After failing to get licensed in Virginia, Shine Fights moved Friday night's mixed martial arts card
to the First Council Casino in Newkirk, Oklahoma. That casino is on land owned by the Otoe-Missouria Tribe, and therefore the Oklahoma State Athletic Commission has no authority over the event.
But while Joe Miller, director of the Oklahoma State Athletic Commission, can't stop the event, he can speak his mind about it.
"I have some major concerns with it," Miller told MMAFighting.com. "There are probably 15 or 20 events conducted a year in Oklahoma without a commission present. My number one concern is the health and safety of the fighters. There have been events where the fighters were not paid and there was no one there to ensure that they get paid. But my major concern is the health of the fighters. I know of situations where a fighter was knocked out, knocked unconcious, and allowed to fight five days later. The problem I have with that is if a fighter is knocked out, it's mandated under our rules and the Association of Boxing Commissions rules that they take a certain amount of time off. Thirty or 45 or 60 days is normal because if a fighter is knocked out there's a possibility that he has a subdural hematoma -- bleeding on the brain -- and there's the possibility that if he gets hit again there could be serious medical problems."
Shine Fights, which did not respond to messages seeking comment for this story, is planning an eight-man, one-night lightweight tournament that will not be sanctioned by the Oklahoma Commission, and Miller acknowledged that the Oklahoma Commission is powerless to do anything about it.
"In Oklahoma we have a large number of tribal trust lands," Miller said. "The state of Oklahoma has absolutely no authority to regulate on those particular pieces of land. In boxing it's a little different because federal law mandates that boxing be regulated by a commission, but mixed martial arts has no such law."
Miller said his only recourse is not to license any fighter who participates in unsanctioned MMA fights for 60 days.
"If we know a fighter who has participated in an unsanctioned fight, we won't license them for 60 days," Miller said. "It's not actually a suspension but I won't approve them for a period of 60 days."
But the 60-day provision doesn't mean much. Not every state will honor Oklahoma's decision not to license a fighter, and fighters who aren't licensed can keep fighting on unsanctioned shows on tribal land or overseas. That's exactly what MMA veteran Marcus Aurelio apparently plans to do -- Aurelio is scheduled to fight in the Shine tournament on Friday and then take on Shinya Aoki in Japan on September 25.
"If he gets knocked unconscious in this fight, there's still nothing we can do to keep him from fighting in Japan," Miller said.
Miller said he doesn't know whether Shine Fights or the tribe has taken proper precautions regarding the fighters' health and safety, and for that matter doesn't even know if the event will go on as scheduled. He wants to find out what he can about the event, but has no more authority over it than any MMA fan who goes to the casino to watch on Friday night.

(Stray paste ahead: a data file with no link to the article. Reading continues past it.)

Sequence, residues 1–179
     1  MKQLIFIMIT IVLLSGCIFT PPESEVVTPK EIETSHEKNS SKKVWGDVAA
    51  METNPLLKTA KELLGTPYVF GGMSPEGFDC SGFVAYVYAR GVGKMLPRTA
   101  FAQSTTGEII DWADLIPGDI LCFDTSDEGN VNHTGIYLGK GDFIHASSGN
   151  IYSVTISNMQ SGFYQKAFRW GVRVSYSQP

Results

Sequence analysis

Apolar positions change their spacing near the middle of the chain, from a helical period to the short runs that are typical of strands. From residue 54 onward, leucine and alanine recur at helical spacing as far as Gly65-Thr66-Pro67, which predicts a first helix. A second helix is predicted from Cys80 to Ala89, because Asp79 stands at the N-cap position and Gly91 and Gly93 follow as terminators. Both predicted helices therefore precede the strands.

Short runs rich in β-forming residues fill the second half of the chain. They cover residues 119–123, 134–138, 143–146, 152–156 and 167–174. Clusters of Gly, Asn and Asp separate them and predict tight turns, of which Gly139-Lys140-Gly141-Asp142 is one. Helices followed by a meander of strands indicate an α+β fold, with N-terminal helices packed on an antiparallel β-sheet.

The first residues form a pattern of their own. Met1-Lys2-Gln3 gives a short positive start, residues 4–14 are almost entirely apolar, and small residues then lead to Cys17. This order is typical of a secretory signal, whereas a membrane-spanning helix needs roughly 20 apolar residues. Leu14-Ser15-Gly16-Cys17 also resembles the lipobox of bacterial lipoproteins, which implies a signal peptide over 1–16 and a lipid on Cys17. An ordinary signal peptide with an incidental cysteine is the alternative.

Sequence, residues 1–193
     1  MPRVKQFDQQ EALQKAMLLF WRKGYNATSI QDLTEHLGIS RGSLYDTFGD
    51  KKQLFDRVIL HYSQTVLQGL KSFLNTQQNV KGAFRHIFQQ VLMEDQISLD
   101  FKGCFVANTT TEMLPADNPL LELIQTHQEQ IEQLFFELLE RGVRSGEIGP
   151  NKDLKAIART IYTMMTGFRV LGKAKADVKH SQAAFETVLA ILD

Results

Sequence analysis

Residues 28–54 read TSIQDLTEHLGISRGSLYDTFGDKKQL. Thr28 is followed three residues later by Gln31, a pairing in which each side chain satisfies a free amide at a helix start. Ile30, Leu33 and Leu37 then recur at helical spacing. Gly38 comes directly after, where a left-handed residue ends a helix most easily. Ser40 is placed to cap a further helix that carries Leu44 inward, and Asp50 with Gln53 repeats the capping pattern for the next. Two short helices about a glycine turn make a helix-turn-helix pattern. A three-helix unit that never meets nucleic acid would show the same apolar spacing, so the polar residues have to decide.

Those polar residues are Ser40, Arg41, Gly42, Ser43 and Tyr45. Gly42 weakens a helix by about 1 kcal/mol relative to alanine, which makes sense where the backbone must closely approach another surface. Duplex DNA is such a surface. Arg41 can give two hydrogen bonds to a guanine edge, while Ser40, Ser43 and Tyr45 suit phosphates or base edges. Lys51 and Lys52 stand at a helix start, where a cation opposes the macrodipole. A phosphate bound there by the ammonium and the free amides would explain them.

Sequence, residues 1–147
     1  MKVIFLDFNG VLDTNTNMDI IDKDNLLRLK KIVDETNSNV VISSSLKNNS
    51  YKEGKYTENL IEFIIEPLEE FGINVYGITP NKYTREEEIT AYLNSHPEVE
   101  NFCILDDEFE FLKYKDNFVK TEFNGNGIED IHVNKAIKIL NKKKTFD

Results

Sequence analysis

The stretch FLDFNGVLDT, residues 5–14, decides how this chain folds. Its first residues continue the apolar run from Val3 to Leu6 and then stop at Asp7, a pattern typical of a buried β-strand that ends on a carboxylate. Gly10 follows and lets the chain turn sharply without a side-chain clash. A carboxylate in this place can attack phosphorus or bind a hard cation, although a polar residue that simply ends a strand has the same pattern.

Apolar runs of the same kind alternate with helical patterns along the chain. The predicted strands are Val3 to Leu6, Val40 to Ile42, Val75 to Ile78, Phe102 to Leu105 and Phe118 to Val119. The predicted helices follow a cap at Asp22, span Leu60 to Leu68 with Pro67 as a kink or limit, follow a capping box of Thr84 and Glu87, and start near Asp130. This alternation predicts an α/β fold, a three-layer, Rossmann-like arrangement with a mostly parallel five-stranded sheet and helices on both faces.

"I have no idea," Miller said of what will take place Friday night. "I plan on having one of my inspectors buy a ticket."
Tribes and promoters often work together on fights that are sanctioned by either a state commission or a tribal commission, but Shine Fights and the Otoe-Missouria have chosen not to go that route, Miller said.
"I've attempted on several occasions to get them to do a compact with the state or form their own commission and they've not done so," Miller said. "They have held one or two professional boxing matches at their casino where federal law required them to have a commission, so they contracted with a tribal commission and it went well. But with MMA they don't have to so they're not going to."
Miller, a former professional boxer, said he loves MMA and worries that unsanctioned events could damage the sport's reputation and hinder its growth. He speaks from personal experience about what can happen to fighters when there's not a strong athletic commission protecting their best interests.
"I had my first pro fight in the 1970s and I thought I was going to make a certain amount of money and fight a certain opponent," Miller said. "Neither turned out to be true."
Miller said it's not his place to tell the fighters in the Shine Fights tournament whether they should participate, but he hopes they understand that they'll need to do for themselves many of the things that the Oklahoma Commission typically does for fighters in the state.
"That's something that's up to the fighter and his trainer and manager," Miller said. "But the thing I would tell him is that he won't be licensed in the state of Oklahoma for 60 days after this fight. If that doesn't impact you, then you need to ask, is this a reputable organization? Are you going to receive your money? Is there going to be a doctor at ringside? Will an ambulance be on site? Do you have a contract with them that everybody has signed that lays out exactly what will happen?"
Ultimately, Miller said, unless Congress passes a federal law protecting MMA fighters -- like the Muhammad Ali Boxing Reform Act protects boxers -- state commissions will continue to be powerless to regulate MMA fights on tribal land.
"It's all about absence of federal law," Miller said. "I've been frustrated for several years about it, but there's nothing -- absolutely nothing -- I can do."